In 1975, U-Roy teamed up once again with Bunny Lee, cutting a number of songs with the producer. In 1983, the Vista Sounds label released remixes of these cuts as DJ Masterpieces, which also boasts tracks by other DJs, U-Roy amongst them, recorded for the producer. Now the reigning hero of the Jamaican DJ scene, U-Roy would come to international attention via a totally unexpected source. The American soul-lite duo Hall & Oates surprisingly enough recorded a cover of the DJ’s hit “Soldering” on their eponymous album. This prompted the Virgin label to sign him and, paired with producer Prince Tony Robinson, U-Roy recorded his debut album (Dread Inna Babylon), backed by the Skin, Flesh & Bones Band. The following year’s Natty Rebel, again with Robinson at the helm, found the DJ now backed by the rootsy rhythms of Lloyd Parks and Sly Dunbar, and accompanied by a pair of singers.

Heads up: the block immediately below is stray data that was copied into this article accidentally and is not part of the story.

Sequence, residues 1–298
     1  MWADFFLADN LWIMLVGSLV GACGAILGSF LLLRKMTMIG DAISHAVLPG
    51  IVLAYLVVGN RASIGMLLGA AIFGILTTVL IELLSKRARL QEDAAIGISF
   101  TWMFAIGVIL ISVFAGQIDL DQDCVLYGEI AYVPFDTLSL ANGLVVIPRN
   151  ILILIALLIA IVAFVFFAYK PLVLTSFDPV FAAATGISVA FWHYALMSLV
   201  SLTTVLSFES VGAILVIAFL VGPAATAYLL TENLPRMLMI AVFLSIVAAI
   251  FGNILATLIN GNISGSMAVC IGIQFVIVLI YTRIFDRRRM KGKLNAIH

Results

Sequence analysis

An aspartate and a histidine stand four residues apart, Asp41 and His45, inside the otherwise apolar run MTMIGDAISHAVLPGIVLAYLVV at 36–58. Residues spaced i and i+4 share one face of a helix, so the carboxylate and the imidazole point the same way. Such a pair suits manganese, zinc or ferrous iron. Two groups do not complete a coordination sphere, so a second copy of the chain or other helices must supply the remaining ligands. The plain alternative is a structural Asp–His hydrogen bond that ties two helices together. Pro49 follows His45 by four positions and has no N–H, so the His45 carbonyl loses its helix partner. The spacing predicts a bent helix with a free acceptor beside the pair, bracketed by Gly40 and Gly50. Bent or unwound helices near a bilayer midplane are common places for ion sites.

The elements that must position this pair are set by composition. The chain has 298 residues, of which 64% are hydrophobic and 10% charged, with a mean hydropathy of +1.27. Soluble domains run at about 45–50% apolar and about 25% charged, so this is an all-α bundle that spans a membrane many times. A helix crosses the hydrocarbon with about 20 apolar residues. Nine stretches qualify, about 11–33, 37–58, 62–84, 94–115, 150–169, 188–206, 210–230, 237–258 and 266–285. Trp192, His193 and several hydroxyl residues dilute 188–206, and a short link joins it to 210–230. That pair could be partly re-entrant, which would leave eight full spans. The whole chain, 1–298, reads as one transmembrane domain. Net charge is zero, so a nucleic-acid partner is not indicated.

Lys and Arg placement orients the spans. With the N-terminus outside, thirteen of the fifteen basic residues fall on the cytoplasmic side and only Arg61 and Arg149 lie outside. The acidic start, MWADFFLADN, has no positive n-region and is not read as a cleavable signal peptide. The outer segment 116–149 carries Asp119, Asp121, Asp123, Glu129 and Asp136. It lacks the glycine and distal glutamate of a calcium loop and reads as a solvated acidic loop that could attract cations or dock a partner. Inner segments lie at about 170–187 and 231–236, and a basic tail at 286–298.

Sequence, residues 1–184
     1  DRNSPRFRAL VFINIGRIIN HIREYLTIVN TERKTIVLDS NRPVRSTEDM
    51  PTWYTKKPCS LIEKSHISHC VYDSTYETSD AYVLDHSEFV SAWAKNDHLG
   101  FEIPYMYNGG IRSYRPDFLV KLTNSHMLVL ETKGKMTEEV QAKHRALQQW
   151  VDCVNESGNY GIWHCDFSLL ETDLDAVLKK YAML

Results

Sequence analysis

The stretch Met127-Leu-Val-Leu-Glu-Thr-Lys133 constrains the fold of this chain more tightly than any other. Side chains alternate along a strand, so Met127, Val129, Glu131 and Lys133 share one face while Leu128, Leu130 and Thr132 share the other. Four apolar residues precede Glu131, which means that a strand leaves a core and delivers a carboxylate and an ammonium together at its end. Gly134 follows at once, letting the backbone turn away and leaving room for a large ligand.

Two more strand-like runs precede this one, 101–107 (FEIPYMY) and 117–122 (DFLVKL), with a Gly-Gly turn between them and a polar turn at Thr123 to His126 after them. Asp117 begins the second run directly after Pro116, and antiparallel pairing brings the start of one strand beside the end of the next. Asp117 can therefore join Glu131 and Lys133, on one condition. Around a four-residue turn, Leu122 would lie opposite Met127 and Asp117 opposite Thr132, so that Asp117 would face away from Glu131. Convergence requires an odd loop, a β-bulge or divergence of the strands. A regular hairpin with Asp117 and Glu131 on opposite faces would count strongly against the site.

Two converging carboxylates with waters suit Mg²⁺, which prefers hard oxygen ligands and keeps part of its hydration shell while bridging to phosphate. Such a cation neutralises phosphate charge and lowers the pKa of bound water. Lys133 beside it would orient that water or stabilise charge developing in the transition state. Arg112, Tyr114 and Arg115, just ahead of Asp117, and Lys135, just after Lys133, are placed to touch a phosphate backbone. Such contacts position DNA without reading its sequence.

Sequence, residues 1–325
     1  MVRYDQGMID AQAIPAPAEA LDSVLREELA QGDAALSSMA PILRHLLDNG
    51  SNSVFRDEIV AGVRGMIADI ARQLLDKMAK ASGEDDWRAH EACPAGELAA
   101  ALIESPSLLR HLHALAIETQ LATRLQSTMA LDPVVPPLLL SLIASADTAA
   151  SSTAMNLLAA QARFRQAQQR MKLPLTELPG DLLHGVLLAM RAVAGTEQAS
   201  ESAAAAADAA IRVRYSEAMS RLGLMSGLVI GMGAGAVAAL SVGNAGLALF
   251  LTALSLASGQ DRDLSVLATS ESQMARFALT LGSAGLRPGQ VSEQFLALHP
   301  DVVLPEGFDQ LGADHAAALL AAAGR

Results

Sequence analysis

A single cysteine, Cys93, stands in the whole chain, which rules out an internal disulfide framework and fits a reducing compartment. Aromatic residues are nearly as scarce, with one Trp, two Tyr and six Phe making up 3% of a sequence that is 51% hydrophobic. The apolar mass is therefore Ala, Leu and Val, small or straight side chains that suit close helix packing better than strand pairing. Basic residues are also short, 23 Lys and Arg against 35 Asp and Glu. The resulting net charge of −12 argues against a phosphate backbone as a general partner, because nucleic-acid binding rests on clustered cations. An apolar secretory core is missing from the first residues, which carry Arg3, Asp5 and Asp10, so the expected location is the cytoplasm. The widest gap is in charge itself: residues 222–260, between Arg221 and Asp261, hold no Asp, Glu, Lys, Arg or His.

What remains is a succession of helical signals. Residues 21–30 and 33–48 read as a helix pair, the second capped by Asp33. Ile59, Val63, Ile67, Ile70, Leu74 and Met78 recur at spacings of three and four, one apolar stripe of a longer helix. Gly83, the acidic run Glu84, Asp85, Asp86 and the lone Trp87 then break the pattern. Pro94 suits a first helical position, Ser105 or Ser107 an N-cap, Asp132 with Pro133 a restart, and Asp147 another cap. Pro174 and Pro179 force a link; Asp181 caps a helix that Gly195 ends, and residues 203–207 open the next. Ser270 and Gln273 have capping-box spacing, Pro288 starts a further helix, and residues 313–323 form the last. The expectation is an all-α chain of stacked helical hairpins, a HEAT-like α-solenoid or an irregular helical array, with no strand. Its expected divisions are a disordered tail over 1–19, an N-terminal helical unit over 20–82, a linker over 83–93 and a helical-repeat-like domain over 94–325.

U-Roy was now reaching the peak of his power. His toasts were utterly relaxed and conversational, yet always in perfect synchronicity with the rhythms. The DJ had now gained a significant following in the U.K., as well, and in August 1976, visited Britain for the first time. He performed at the London Lyceum, backed by the always excellent Revolutionaries, and the 1978 Live EP was drawn from this phenomenal show. Back in Jamaica, U-Roy began recording his new album, Rasta Ambassador, filling the studio with musicians and singers, 15 strong in all. The Gladiators provided particularly sonorous backing vocals, while the band, led by the rhythm team of Sly & Robbie, created a deep roots sound appropriate to the album’s title and accentuated by Robinson’s deeply dubby production.